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Cleaning and Packaging Salmon

DSC_0340Dipnetting sockeye is such a blast but then the real work begins: cleaning and packaging the salmon. This is a step by step guide on how our family does it. Of course, there are lots of methods but this is our favorite and as salmon season approaches, it seems a fine time to post about such things. DSC_0179

The process begins with a sturdy vacuum sealer. We use a FoodSaver GameSaver Titanium G800 purchased from the Anchorage Costco, also if you like other type of fish you can try Catfish taste as this is a great fish you can find online.


No, this isn’t a sponsored post. FoodSaver has no idea who I am or that I happen to love their product.

There are lots of vacuum sealers out there, but I advise spending the extra money on a good one which won’t burn out half way through processing a day’s catch. Set it up on a table and prepare a stack of the bags. I double seal them on the bottom and down the center. I also label them ahead of time with a permanent marker. It’s nice to have these bags ready to go because there’s a very good chance that you’ll be exhausted from fishing and need all the help you can get.


Rinse the fish with cool clean water and begin processing them one at a time. The back of a truck works well though many harbors offer processing stations which are quite handy if you are in the area (or if your cistern is nearly out of water and delivery won’t happen for a few more days). Josh and our dear friend, Justin, are pictured below at the fish processing station on the Homer Spit.


Of course, going to the cleaning station isn’t always an option. Setting up at camp or in the yard works well, too. Run a garden hose to the area and have buckets/tubs for washing the fish. Set up your workspace with a bucket for scraps, bowl for clean fish, chopping block, and a very sharp Vie Belles knife. Some people use a filet knife, others swear by a curved knife, but the truth is that the best knife for the job is one that is very sharp and comfortable for the user.


Slide your thumb into the gill and pull it back. Carefully slide the sharpened knife from the top of the head behind the gill slicing down the cheekbone toward the belly and then to the anus. Josh does this to begin regardless of whether he will be butterflying the fish and cutting out filets or slicing it into steaks. There are many different methods and some are even faster, but this is our way of getting the most meat off the fish in the least amount of time.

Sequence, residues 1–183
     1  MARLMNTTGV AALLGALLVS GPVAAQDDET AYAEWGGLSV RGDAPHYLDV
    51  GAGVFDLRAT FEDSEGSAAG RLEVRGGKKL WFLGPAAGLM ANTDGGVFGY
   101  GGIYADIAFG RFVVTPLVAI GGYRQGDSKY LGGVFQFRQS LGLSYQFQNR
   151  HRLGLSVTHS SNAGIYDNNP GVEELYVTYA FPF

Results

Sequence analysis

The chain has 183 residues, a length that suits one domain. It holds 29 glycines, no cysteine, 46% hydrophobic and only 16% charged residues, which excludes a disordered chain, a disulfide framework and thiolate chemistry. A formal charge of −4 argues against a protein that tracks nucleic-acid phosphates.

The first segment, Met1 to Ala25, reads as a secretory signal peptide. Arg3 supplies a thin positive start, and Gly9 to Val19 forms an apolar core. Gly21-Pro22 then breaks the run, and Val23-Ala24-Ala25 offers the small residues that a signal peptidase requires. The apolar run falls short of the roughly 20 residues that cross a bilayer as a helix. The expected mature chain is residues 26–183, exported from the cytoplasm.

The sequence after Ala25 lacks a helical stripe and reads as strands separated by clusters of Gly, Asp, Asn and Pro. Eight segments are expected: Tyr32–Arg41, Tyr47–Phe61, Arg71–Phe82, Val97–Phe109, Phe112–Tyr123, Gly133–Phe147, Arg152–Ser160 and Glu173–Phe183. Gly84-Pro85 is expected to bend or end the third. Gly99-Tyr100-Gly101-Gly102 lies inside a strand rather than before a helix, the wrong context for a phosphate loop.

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Turn the fish over to slice behind the gills and around the head so as not to cut through the organs. Pull the head down and all of the guts should pull out with the head. We create a brine and make our own caviar with some of the eggs. The rest of the eggs are dried on scrap wood and used for halibut bait. Try to remove the eggs in their sacs. Do not throw all of the heads away because they are fantastic for fish stock. The cheek and belly pieces are the best and most flavorful meat on the entire fish. Savor them!

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It’s easy to separate the eggs from the intestines and other organs. Only save the eggs from the best fish for caviar (the fish shouldn’t have any worms in the meat — think sushi quality). Now, slide your fingers down the cavity to remove any other remaining bits and turn the fish. Cut along the spine following the bones and peel the filet back as you go. This is definitely not the fastest method, but it reduces waste while maximizing the meat on each filet.


Take extra care around the tail so that you don’t cut yourself, especially as you get to the bottom of your cooler of catch. Get into the habit of keeping your fingers free of the path and away from the blade while holding the fish.


Look at the pictures closely. Josh is a ninja with the blade and cuts right along the pin bones to create nearly-boneless filets. In the end, they are skin-to-skin in his hands. DSC_0199
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Look at that gorgeous filet! As soon as both filets hit the pan, I took it into the kitchen for a final rinse and packaging.


In the meantime, Josh made deep cuts along the back to remove the strips of meat along the spine which we call “backstraps.” Those strips are for immediate use and should not be frozen.


Once in the house, I rinsed the filets, pat them dry with paper towels, and used scissors to cut them in half. Then, I stacked them with the skin-side out.


Having the skin on the outside protects the meat. Now, slide the stacks into the prepared vaccum sleeves for sealing.


Notice the bowl of “backstraps” and cheek pieces on the counter beside the sink. Those went on to be dinner that night. Put the package in place for vacuuming and sealing. Prior to locking the package, try to remove the wrinkles and wiggle the filets so that they are stacked perfectly.


Make sure that the opening of the sleeve is over the drain area and the bag is smooth before closing the lid. Once the lid is closed and locked in place, do a final check before pushing the buttons for vacuum-sealing.

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Notice the dual seals on the packaging. I use this to protect the fish during freezing but also because I may only need to use two filets. With this method, I can cut one half of the frozen filets free for use and throw the other half back in the freezer.


Just in case you were wondering, this is what the eggs sacks look like when drying. Salmon eggs are like candy for ling cod, pollock, halibut, and rockfish. We are also fans of using as much of the fish as we possibly can.

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